PBS's 'Vienna Blood' set in early 20th century Austria is the perfect show to fill void left by 'Sherlock'

The series will debut on January 19th on CBS and will air over the course of six weeks, with each investigation divided up into two episodes each.


                            PBS's 'Vienna Blood' set in early 20th century Austria is the perfect show to fill void left by 'Sherlock'
Jürgen Maurer and Matthew Beard (BBC/PBS)

The first thing that might strike you about 'Vienna Blood' is how similar it is to Steven Moffat's 'Sherlock', albeit set in early 20th-century Austria. That may not be a coincidence, as series creator Stephen Thompson has written three episodes for 'Sherlock' and he has also worked with Moffat on 'Doctor Who'.

Based on clinical psychologist Frank Tallis's series of books titled 'Liebermann Papers', the show follows Dr. Max Liebermann (Matthew Beard), a student of Sigmund Freud who works with the gruff Viennese detective Oskar Reinhardt (Jürgen Maurer) to solve murders. The show first aired on BBC in November 2019.

Max, who is eager to establish a link between psychology and criminal behavior, uses his upper-class father's connections to be able to shadow Oskar, a bearish detective who barely tolerates Max's presence. The series will debut on January 19th on CBS and will air over the course of six weeks, with each investigation divided up into two episodes each. In the first episode, we see Max -- an English-born Jewish physician who is brought in to help Oskar when a woman is murdered, seemingly by an invisible weapon.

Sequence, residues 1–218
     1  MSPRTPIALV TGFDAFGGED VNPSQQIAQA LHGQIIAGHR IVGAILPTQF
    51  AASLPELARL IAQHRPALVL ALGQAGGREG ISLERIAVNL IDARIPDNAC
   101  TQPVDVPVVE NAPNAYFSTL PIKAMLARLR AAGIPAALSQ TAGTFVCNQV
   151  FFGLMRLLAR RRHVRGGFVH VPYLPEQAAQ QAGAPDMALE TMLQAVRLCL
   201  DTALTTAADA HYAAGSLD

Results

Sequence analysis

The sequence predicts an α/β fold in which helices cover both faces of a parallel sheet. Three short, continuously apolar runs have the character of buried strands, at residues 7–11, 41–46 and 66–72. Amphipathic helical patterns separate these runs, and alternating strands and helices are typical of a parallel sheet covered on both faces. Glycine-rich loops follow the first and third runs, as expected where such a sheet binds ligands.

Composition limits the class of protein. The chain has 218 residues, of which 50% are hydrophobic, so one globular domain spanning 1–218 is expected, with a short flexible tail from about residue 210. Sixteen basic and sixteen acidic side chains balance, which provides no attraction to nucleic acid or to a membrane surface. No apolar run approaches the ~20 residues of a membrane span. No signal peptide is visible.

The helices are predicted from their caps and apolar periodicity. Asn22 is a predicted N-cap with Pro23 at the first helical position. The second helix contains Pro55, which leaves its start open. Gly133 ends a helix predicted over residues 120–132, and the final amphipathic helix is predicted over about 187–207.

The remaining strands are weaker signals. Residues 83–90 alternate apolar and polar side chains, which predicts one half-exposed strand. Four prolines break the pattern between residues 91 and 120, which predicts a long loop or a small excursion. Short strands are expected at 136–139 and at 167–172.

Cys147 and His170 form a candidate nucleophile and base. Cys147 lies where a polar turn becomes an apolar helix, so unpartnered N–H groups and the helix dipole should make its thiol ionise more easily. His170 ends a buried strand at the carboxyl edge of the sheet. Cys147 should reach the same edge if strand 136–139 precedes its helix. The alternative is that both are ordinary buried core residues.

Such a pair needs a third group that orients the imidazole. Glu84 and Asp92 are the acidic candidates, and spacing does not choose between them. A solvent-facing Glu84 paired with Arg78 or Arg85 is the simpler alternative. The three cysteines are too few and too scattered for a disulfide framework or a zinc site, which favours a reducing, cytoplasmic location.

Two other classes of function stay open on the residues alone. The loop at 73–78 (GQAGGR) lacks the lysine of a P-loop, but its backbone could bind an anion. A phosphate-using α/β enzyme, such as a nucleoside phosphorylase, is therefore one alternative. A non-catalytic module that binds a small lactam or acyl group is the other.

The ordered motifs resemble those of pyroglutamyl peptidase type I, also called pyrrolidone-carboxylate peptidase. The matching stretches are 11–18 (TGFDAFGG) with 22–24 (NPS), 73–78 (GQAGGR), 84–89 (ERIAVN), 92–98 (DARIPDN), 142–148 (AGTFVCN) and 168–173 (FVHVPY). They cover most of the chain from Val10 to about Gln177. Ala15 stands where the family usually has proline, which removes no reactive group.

'Vienna Blood's' Max is as cocky as 'Sherlock's eponymous character, at one point cracking a significant clue in the case and telling Oskar, "Welcome to the case, inspector." However, Oskar is no John Watson. Though formidable and seemingly the polar opposite of Max -- in that he openly shows his emotions -- Oskar and Max share quite the bromance.

The show is beautifully detailed and Beard excels in his portrayal of the impassive Max Liebermann. Max is not just focused on his job, we do see a little bit of romance brewing for the man as he breaks off his engagement with a woman named Claire after he starts getting interested in Amelia Lydgate, a woman he met when she was having a psychotic break after looking at a Klimt painting.

While the show might be a little absurd, it's certainly the right show to fill the void that 'Sherlock' has left. Over the six episodes, viewers will also get to see various subplots, such as the advent of better treatment of mental health patients, the rising antisemitism in Austria, and (like on many other shows) the untouchability of powerful men who can seemingly get away with anything.

'Vienna Blood' will air on PBS starting January 19th, 2020.

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